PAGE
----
The early consequences of this far-flung expansion are paradoxical, and depend on exactly which geographical area one occupies when forming an observation. Within Mecca, Medina, and Syria, centralized political control had left its mark. Vast amounts of income poured into already-well-connected trade communities. The rapid ascent of the ruling body promoted tribal conflicts and in those brooding subordinate tribes, resentment festered slowly. The successes of the Arab conquests, however, added extraordinary credibility to the Islamic ideology, and thus complicated the matter of removing the Quraysh family from power. On the other hand, the most powerful military machine in history offered a phenomenal incentive and potentially unlimited career opportunity for Arabs who had long suffered limited prospects under the shadow of the Roman and Sassanian empires.
After the passing of the Rightly Guided Caliphs, the Umayyad family exploited existing political and religious divisions to seize power, shifting the center of administration to Syria, under Khalipha Muawiya, from Medina. Due to the role of Muawiya's son in the death of Ali's Heir (Ali was assassinated, like the caliph before him), tensions escalated, and an opposing political party began to take shape. For Arabs, life couldn't have been better, in spite of the complex political evolution. The ones who reaped the newly created wealth became richer than they ever imagined. For their conquered, it would seem that life improved in important ways as well. The Dhimmi, or people of the book, were treated with tolerance, and could expect civil protection if they agreed to pay tribute. Everyone else was given the opportunity to convert, and become clients of the Arabs, or Mawali. Many of these enjoyed some greater degree of privilege and a rare opportunity to be welcomed into the society of conquerors, instead of being exterminated. Additionally, and especially for those regions in north-Africa and Anatolia, though the Byzantine overlord was merely replaced with an Arab, this tolerance, coupled with a reduction in tax burden, incentivized cooperation, which eased the administrative burden. Success encouraged war torn local states to support the Arabs, and tolerance maintained easy relationships with the client regions.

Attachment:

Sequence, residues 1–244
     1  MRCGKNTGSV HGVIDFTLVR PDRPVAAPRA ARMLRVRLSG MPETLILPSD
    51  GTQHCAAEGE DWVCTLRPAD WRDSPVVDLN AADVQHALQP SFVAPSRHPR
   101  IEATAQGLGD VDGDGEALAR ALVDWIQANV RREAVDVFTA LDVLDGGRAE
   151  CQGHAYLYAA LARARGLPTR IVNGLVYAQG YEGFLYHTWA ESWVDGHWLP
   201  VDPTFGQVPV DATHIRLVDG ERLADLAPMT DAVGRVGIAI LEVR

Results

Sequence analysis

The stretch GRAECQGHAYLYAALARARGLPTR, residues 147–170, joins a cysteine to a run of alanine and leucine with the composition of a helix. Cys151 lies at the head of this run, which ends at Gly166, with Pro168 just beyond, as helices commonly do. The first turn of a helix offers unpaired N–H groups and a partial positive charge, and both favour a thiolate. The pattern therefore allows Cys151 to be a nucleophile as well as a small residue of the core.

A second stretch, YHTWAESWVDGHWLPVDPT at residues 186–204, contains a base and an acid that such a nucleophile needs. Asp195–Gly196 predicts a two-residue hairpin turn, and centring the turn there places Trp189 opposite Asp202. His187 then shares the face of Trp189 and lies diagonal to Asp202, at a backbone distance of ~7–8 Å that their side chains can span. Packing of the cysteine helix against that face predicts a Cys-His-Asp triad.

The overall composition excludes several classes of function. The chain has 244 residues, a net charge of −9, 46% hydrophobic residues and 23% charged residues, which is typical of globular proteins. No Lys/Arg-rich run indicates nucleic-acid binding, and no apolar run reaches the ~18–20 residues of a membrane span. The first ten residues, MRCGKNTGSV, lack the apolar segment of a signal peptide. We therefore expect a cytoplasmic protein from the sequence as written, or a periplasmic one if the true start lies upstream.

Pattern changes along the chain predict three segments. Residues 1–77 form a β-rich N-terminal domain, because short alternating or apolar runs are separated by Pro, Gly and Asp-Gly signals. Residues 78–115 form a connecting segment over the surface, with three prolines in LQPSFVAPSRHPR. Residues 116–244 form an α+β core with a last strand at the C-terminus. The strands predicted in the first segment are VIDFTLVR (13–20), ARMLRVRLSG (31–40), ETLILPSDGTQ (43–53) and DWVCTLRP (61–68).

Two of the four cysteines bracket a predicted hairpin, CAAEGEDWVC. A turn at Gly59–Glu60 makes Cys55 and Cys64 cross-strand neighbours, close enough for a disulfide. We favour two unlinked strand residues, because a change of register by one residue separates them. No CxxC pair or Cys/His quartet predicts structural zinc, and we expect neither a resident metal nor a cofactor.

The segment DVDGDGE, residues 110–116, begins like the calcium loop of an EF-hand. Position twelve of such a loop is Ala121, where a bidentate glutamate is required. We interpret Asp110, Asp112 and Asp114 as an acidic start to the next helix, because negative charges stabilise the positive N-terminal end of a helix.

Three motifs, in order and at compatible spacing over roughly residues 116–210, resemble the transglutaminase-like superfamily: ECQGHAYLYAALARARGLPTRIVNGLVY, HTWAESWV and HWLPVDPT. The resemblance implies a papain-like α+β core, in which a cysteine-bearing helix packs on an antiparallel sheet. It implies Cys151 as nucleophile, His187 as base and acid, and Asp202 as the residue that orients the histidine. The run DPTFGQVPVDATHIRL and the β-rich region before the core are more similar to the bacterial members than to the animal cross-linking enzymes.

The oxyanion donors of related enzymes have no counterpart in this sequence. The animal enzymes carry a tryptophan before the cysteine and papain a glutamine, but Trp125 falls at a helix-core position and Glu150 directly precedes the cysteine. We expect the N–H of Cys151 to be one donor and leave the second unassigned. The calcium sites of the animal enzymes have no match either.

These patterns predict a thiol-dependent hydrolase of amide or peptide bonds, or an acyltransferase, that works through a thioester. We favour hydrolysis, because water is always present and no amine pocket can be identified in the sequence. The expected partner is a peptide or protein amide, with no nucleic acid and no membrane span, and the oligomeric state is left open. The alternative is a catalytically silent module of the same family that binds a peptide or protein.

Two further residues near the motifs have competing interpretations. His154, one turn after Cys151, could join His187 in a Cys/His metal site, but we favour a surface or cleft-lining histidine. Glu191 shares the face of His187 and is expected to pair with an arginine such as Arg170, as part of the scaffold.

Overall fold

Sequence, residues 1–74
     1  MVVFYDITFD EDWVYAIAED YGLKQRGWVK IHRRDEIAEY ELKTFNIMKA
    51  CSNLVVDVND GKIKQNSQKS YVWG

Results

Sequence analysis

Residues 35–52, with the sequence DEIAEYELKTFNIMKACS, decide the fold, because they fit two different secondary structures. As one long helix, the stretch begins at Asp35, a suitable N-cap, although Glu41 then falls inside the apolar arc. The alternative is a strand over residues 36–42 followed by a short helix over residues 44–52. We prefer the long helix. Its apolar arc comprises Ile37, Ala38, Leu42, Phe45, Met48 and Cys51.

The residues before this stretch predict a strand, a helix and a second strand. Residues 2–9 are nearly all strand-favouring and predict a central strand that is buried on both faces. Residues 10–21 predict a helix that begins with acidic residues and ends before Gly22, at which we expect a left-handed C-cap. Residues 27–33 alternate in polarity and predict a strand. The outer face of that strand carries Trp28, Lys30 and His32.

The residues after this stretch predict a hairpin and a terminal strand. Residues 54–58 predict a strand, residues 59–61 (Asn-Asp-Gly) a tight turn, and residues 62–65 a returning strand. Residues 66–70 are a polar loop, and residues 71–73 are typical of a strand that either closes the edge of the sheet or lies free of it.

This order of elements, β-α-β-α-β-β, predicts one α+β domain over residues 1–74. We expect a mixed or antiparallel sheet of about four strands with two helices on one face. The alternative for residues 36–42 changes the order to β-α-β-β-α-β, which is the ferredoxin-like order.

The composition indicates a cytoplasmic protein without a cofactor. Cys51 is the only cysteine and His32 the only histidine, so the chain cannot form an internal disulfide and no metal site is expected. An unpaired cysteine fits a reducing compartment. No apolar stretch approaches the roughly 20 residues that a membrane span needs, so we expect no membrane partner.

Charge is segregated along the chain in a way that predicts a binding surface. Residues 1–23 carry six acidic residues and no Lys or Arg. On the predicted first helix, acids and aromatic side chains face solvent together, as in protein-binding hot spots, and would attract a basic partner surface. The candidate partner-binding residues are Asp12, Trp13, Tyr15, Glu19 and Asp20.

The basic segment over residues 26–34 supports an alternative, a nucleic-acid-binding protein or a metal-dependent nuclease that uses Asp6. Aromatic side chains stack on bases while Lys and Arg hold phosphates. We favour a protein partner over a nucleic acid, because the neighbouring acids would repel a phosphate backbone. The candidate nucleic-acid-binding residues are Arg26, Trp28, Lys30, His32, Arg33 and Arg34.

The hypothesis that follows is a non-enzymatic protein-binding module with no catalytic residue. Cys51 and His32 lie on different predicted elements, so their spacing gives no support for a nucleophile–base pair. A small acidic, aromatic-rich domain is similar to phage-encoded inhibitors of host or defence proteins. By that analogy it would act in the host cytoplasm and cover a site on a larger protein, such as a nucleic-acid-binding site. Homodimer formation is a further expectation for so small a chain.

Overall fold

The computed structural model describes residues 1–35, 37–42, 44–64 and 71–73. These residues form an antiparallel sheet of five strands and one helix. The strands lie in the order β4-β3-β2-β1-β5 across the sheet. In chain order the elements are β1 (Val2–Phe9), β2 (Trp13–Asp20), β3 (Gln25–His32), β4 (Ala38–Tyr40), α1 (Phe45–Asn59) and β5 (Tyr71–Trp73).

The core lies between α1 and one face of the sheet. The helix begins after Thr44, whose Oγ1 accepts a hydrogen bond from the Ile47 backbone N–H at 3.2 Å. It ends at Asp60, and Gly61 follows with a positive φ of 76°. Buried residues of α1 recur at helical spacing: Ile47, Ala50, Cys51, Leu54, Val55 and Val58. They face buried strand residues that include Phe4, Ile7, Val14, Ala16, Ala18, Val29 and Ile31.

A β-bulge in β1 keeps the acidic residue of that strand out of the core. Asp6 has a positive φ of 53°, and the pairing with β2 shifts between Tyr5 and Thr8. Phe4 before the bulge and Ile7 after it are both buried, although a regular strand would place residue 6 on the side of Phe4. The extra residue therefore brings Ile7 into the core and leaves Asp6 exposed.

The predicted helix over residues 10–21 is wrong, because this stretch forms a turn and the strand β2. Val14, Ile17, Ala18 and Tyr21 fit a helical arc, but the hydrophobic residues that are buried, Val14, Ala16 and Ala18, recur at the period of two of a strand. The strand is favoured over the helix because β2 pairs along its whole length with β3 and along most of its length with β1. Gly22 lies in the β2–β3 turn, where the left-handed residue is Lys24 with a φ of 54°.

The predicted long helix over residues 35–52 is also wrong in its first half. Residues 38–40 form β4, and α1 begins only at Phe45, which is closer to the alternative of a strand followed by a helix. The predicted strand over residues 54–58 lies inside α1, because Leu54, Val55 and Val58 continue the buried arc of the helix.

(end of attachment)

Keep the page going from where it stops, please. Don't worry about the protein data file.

Under the Abassid empire, Islam grew, but the empire would slowly attenuate as the border enemies regained their confidence. Quality of life and education soared for a time, however, and the House of Wisdom in the new and booming capital at Baghdad had the time and security to reintroduce ancient Greek thought, and to make irrevocable advances in math, astronomy, medicine, and art. The cosmopolitan life was ill suited to the Arab spirit for the period, however, and the consequences of unchecked internal conflict and ungovernable frontiers brought calamity as Abassid administration deteriorated under the weight of opposing interests. The Turkic people were tapped to provide security to the governing body, and they turned the caliphate into a sultanate. Fatimids took Egypt from the Abbassid, exploiting their vulnerability to outlying rebellion.
The bright side of this sad turn is that displaced Muslims carried their cultural contributions outward from the comfort of the fertile crescent, and as a result, Islam gained strength in the more distant areas it had reached. Great new metropoli, such as Basra and Cairo, rose to international promenance.
These outcomes would factor greatly in the preservation of Islam against the challenging adversity it would soon face from the west.
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